We have now reached the end of the “Christian Behaviour” section of Mere Christianity, and before we go any further I want to offer a rant on something that I see a lot of in the world of evangelical Protestant-dom: our tendency to believe that superior moral living is what distinguishes us from the rest of the world.
We believe that the most powerful and profound evidence of our Christianity is changed lives, and the most profound evidence of change in our lives is our ability to live at a superior moral level. Now it is true that when we become Christians our priorities shift; certain things that were important to us before, such as money, sex, prestige, status, career, etc. become less important while other things, such as seeking to honor God in all that we do and to give ourselves away for the benefit of others, become more important.
But what I’m talking about is this idea that Christians are more faithful to the commands of God. Christians don’t drink, don’t smoke, don’t cuss, don’t get divorced or cheat on their spouses, don’t cheat in business, and that is how we differentiate ourselves from the rest of the world. It’s not true. There are numerous statistical surveys which show that the divorce rate among Christians is identical to the divorce rate for the rest of the culture. And the same is true for other vices of choice.
But even if it were true that Christians were different from the rest of the world in these areas, would it make any difference? I don’t think so. Trying to force our standards of morality on the rest of the world is not a good idea, especially if we don’t keep those standards ourselves. Because Christianity is not about going on the moral campaign trail to tell the rest of the world how to be good–as if the fundamental thing which separates us from God is the fact that we are not good.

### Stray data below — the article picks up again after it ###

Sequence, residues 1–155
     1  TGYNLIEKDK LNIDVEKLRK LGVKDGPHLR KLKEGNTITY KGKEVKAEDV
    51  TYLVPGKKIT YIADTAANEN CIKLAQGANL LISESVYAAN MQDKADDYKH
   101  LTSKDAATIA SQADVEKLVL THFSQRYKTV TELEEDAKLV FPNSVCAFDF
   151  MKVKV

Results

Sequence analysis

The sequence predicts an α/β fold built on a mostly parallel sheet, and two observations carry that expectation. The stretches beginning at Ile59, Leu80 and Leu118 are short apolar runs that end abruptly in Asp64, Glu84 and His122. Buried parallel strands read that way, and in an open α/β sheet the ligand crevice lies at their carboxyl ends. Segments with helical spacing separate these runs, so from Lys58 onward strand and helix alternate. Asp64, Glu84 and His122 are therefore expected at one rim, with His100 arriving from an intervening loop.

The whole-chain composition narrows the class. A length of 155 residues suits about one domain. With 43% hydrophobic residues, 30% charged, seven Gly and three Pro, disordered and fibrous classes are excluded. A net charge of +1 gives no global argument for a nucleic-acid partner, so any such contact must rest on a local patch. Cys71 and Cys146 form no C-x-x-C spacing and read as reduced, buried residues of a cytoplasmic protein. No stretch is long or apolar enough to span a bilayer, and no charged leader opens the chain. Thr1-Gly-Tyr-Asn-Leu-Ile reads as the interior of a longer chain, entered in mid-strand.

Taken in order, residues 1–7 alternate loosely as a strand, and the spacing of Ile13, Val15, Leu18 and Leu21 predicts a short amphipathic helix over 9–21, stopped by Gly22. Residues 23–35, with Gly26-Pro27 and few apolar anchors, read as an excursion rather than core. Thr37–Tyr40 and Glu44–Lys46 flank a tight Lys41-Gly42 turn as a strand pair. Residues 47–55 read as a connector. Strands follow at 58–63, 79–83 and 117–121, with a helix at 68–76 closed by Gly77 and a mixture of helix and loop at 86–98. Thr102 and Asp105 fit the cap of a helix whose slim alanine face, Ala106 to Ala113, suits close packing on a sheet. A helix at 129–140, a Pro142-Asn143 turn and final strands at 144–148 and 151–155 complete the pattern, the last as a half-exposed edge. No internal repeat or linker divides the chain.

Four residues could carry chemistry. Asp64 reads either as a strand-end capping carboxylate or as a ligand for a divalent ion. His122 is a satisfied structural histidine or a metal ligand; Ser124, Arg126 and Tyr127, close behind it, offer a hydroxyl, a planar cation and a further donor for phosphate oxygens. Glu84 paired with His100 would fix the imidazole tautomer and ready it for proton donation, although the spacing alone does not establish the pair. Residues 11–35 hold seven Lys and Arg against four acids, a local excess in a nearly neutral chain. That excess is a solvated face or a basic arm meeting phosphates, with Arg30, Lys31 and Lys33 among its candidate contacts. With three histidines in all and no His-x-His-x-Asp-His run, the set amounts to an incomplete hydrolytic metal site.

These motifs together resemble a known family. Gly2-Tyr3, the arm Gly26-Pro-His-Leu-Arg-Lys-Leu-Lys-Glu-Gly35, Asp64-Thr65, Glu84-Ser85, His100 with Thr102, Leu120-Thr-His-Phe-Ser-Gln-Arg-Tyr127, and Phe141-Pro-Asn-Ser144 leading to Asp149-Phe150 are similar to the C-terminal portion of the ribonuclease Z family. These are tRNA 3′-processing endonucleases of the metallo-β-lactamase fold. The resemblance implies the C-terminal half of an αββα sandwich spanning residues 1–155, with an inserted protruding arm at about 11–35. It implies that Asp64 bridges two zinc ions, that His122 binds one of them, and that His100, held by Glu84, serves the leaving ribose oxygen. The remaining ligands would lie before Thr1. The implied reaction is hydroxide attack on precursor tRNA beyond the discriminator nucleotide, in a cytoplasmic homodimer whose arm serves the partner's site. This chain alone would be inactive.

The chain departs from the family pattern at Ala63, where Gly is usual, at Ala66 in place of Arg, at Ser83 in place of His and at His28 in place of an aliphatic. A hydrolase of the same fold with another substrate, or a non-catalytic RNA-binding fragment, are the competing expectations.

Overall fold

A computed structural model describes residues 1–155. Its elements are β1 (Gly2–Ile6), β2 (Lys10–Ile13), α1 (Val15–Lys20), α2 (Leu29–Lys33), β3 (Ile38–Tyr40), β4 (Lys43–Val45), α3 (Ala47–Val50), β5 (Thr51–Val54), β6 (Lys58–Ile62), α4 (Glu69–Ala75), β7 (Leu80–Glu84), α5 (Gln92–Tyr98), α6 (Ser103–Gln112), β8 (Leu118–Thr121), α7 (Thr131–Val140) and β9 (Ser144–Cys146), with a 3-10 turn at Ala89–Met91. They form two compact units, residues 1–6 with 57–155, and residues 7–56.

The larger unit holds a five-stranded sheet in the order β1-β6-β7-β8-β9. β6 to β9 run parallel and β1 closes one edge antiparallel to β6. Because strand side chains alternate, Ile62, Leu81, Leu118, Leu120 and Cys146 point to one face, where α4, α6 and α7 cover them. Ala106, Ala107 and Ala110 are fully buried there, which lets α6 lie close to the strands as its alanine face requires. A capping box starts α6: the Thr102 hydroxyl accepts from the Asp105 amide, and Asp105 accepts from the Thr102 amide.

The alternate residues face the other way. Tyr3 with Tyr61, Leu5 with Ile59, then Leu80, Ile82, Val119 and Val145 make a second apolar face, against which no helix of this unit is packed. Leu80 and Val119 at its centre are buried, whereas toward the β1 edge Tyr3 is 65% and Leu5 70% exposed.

If moral superiority were the criterion that we were to use in determining the truth or falsehood of a religious system, then Islam and Mormonism would have Christianity beat hands down. Both are intensely moral religions, and both have followers who live intensely moral lives which would put many of us Christians to shame. And yet where does that get them? Islam and Mormonism are both significantly at odds with Christian belief on many critical points, and the Christian is obliged to believe that when Christianity differs from other religions, Christianity is right and they are wrong.
The problem is not that we are bad people, the problem is that we are dead people. People who have fallen out of the life which God possesses, and are thus dead spiritually. Because of this, we have no capacity whatsoever to reconnect ourselves to God through any effort of our own. No amount of being good or practicing the Christian virtues is going to bring us back to life spiritually; that depends entirely upon God’s willingness to make a way for us to return to Him. And He has done so, through Jesus Christ.
This is exactly the point which Lewis makes in the closing chapter of the Christian Behaviour section. Just try and keep the Christian virtues for any sustained length of time, and you will find that you just can’t do it. Inevitably you will reach a place where you must throw up you hands and say to God, “You must do this. I can’t.” Then you place your faith in Christ who has already lived the life of perfect virtue and perfect obedience which we could never have lived on our own.